As part of the Green Grant to develop the ‘Evidence Based Conservation’ course at NYU, Dr. Jacquet’s research assistant Melissa Cronin (CAS ’13) attended the Society Conservation Biology (SCB) conference for the newest global evidence based research. Held in Baltimore, Maryland in July 2013, the conference offered workshops, lectures, and plenary discussions on topics like biological conservation, game management, climate change, and – most important – evidence based conservation.
One lecture titled “Still 'shooting in the dark'? Policy insights from the frontiers of evidence-based conservation,” offered details about nascent conservation projects, such as documenting social benefits gained from marine reserves in Indonesia, and how evidence shows protected forests can reduce poverty in Bolivia. A lot of the evidence based discussion focused on theory – for instance, who gets to decide what counts as evidence, how long evidence lasts, and how political and social power and perspectives can influence what evidence we deem important in conservation.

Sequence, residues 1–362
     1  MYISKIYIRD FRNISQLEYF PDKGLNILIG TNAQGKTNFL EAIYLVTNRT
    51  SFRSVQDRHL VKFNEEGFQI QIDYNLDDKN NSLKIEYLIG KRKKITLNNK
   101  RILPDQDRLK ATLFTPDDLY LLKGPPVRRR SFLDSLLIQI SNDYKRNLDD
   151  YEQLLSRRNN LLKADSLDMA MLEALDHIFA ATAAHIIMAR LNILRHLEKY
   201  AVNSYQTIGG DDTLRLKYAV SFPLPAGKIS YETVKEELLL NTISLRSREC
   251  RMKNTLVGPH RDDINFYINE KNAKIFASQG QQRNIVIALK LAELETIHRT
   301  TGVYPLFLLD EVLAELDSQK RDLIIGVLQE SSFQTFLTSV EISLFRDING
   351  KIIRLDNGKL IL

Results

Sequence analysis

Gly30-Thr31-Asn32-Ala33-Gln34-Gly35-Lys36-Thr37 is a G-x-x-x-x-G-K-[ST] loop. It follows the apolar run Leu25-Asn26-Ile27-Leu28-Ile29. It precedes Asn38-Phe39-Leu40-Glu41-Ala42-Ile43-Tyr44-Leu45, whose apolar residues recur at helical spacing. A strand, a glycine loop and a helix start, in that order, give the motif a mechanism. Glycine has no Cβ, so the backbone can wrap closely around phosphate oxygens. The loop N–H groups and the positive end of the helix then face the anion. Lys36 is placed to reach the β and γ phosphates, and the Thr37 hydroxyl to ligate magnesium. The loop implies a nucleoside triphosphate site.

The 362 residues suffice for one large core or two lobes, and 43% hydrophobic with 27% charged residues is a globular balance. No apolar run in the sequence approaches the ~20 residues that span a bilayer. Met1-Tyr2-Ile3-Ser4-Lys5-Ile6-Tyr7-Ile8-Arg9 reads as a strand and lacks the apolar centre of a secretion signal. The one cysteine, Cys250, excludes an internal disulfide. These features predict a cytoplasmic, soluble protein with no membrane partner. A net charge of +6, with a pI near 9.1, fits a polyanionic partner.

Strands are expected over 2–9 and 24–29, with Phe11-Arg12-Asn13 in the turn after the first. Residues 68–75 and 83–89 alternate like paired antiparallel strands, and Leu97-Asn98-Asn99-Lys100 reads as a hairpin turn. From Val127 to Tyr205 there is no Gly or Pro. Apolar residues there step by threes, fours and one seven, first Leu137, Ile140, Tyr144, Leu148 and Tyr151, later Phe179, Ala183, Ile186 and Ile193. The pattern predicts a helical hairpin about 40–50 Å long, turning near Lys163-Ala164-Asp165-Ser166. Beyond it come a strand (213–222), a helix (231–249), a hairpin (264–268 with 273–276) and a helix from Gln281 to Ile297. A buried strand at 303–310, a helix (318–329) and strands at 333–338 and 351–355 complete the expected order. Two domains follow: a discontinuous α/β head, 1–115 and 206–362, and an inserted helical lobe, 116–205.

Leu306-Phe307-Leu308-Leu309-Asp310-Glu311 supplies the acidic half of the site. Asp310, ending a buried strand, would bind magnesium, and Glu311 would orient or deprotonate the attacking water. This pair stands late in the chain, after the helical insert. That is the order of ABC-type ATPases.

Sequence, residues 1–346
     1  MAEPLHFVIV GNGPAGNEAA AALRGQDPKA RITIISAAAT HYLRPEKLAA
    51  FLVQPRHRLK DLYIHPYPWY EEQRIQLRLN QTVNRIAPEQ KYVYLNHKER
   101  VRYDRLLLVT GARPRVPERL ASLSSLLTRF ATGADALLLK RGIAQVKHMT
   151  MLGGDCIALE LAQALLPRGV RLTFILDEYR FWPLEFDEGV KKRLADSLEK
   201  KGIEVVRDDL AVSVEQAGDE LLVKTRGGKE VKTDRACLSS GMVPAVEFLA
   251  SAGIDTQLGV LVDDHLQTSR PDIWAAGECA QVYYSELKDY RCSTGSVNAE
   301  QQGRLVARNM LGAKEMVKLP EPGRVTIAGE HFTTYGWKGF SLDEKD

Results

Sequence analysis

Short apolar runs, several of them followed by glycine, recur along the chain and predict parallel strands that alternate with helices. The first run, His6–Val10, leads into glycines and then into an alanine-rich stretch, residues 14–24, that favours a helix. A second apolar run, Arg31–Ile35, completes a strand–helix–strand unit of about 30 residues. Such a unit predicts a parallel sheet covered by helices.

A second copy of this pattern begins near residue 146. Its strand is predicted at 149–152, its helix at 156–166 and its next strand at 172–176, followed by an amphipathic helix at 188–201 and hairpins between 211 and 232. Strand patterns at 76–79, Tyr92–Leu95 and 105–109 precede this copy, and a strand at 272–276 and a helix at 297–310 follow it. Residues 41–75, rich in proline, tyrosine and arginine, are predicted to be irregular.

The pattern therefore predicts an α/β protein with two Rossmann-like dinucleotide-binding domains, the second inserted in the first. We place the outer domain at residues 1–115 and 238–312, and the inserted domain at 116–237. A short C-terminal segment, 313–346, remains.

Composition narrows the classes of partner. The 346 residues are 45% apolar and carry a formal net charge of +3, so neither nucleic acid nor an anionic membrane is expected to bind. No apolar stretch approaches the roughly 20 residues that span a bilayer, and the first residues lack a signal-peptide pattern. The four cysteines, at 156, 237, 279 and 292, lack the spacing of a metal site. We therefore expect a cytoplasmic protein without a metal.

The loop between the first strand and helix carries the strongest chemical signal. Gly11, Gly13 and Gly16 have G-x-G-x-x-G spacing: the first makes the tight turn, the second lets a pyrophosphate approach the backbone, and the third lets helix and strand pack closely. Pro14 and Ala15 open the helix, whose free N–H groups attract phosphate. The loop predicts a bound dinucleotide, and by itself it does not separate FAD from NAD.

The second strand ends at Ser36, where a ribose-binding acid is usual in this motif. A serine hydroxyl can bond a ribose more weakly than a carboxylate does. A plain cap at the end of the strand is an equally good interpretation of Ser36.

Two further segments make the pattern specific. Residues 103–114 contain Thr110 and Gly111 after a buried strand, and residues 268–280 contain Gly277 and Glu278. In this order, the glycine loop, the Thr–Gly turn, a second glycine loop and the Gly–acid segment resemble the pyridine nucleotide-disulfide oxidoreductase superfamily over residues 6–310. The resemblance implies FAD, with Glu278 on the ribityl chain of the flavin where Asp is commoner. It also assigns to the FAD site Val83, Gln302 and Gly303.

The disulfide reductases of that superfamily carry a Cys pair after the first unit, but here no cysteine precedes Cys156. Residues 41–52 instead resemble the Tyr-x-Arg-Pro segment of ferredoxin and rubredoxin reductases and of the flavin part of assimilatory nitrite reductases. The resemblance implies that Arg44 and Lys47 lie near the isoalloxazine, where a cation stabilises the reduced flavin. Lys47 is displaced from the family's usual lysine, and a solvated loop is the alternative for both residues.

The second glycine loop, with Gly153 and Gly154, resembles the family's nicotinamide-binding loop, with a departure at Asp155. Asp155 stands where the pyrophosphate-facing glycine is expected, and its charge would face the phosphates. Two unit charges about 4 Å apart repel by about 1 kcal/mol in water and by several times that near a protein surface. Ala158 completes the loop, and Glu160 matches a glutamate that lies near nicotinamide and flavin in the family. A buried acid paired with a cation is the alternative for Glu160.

A panel on marine conservation discussed current conflicts within fisheries science about how to set catch limits for data-poor regions – according to fisheries biologist Dan Ovando, the global demand for animal protein is expected to grow by 80% by 2050, and a large portion of that will be from the ocean. In areas with poor fish population data, this increase may become a huge conservation challenge.
At a panel titled ‘Scientists, Stakeholders, Managers: Bridging the Gap,’ speakers emphasized the importance of measuring the effectiveness of protected areas in conservation. Jennifer Thornhill of George Mason University emphasized the importance of incentives to make research effective – and the need to measure the impact, both ecologically and socially, of conservation projects.